Vietnam tourist boat sinking kills 12 in Halong Bay
- 17 February 2011
- From the section Asia-Pacific
Eleven foreign tourists and their Vietnamese guide have drowned after their tour boat sank in Halong Bay in north-east Vietnam.
The wooden boat was touring in the Unesco World Heritage Site, in Quang Ninh province, when it went down.
Fifteen people, including nine foreigners, have been rescued.
It is not yet clear why the boat sank, although a local government official said initial information suggested part of the boat had broken without warning.
Halong Bay, renowned for its hundreds of tiny islands and freshwater swamp forests, is one of Vietnam's most popular tourist destinations.
The boat, reported to be a traditional junk on which people were staying overnight, went down before dawn near Titov island.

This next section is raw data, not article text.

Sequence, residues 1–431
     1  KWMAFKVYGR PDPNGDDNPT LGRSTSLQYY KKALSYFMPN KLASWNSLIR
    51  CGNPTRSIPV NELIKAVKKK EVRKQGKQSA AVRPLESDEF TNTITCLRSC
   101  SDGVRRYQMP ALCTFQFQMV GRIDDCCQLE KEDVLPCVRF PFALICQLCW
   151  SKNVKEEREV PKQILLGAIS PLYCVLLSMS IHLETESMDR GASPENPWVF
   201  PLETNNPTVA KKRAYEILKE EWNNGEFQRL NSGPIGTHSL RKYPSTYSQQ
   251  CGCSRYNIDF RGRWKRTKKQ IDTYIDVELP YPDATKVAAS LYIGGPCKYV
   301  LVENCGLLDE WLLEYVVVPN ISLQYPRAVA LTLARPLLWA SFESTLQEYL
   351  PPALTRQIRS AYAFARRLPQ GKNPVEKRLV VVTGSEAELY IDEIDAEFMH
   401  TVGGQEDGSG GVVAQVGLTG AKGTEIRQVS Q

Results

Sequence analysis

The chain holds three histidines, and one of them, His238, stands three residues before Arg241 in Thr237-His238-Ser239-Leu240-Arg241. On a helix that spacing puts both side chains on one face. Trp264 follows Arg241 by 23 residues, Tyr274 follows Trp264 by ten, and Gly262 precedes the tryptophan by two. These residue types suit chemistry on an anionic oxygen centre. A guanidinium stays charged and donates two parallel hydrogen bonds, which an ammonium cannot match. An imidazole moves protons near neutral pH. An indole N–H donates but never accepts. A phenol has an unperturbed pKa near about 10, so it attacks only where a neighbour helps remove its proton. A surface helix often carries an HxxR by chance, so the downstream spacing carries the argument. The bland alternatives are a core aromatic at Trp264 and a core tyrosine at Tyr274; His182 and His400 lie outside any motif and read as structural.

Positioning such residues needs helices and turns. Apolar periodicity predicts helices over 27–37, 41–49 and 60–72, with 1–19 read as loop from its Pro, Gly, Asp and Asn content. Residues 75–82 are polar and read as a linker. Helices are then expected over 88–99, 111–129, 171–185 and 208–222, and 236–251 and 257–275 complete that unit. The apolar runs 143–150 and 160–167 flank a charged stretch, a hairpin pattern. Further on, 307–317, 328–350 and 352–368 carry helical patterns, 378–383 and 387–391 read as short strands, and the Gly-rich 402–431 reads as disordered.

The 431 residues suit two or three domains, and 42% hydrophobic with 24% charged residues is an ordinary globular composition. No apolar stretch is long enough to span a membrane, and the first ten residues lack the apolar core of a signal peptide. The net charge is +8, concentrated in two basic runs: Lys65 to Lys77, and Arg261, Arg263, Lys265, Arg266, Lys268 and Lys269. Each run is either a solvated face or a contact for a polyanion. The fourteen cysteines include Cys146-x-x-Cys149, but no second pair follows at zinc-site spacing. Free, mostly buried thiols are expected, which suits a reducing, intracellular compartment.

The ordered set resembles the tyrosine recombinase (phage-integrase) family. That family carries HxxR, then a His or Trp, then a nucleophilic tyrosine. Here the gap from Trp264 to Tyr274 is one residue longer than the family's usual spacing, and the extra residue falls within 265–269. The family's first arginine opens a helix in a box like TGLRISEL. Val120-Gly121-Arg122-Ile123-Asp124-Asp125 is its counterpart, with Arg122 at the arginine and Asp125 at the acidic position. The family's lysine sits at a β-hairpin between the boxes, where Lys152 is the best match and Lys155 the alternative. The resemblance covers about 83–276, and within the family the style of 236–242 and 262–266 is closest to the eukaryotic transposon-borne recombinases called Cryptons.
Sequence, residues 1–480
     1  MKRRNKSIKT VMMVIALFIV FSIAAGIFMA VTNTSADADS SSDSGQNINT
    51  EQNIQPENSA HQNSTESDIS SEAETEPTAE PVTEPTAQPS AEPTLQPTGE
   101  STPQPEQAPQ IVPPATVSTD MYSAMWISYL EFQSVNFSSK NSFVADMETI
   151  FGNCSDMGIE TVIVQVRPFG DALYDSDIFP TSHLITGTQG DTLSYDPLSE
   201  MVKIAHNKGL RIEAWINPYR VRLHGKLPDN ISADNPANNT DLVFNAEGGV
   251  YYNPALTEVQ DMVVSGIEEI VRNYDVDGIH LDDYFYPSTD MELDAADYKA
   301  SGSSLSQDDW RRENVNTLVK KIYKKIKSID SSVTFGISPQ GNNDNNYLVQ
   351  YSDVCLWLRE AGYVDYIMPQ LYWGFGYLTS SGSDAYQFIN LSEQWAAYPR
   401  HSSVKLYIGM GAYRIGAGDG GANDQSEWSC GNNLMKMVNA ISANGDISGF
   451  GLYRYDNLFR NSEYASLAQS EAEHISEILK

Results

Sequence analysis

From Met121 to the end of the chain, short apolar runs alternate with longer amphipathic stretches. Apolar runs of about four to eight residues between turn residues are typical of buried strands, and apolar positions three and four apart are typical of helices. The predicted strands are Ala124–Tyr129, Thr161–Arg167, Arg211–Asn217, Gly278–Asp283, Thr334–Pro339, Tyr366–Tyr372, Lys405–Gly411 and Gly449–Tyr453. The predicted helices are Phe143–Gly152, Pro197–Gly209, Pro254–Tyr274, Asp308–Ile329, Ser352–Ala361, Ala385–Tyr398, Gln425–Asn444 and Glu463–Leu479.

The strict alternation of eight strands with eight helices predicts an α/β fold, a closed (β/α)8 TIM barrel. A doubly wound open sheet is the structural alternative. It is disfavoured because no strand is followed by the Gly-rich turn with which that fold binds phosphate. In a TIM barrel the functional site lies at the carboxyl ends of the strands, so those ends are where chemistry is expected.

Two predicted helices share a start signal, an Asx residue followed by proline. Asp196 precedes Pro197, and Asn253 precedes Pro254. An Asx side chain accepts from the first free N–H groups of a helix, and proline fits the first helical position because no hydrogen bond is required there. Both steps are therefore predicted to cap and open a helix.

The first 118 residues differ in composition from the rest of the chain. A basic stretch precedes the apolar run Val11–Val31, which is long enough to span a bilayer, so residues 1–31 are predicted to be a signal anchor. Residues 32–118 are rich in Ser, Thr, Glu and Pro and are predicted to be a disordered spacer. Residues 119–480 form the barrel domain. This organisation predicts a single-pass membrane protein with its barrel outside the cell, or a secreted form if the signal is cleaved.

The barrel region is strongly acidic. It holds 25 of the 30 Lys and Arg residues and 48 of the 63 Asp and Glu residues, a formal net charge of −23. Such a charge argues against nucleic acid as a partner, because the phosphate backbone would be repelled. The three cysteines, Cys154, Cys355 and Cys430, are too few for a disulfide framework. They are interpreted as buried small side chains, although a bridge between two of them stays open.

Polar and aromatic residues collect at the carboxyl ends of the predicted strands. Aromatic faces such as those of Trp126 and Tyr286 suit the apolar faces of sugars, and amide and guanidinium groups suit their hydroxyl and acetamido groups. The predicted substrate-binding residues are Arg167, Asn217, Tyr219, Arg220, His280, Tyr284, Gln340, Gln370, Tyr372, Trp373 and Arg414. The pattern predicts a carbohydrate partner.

Those rescued reported seeing a wooden plank tear away from the boat, followed by a gush of water that overwhelmed it, pulling the vessel down, local government official Vu Van Thin said.
"Crew members tried to stop the water from coming in and alerted the tourists who were sleeping, but the water came in and the boat sank quickly. All of the 12 people who died were in the cabins," he was quoted by the Associated Press as saying.
The bodies were sent to a nearby hospital for formal identification.
The victims were later identified as holidaymakers from the US, Britain, Australia, Japan, Russia, France, Sweden and Switzerland, along with a Vietnamese tour guide.
Those who survived - nine foreigners and six locals - were able to jump into the water, from where they were pulled to safety by people on other tour boats anchored close by.
"The boat took one minute to sink," said survivor Stefano Corda from Italy.
The 35-year-old jumped from the boat after he felt it listing and creaking.
"We went to the exit, and the boat was almost vertical. I grabbed my friend, we went out and it was so fast," he told AP.
An investigation is under way.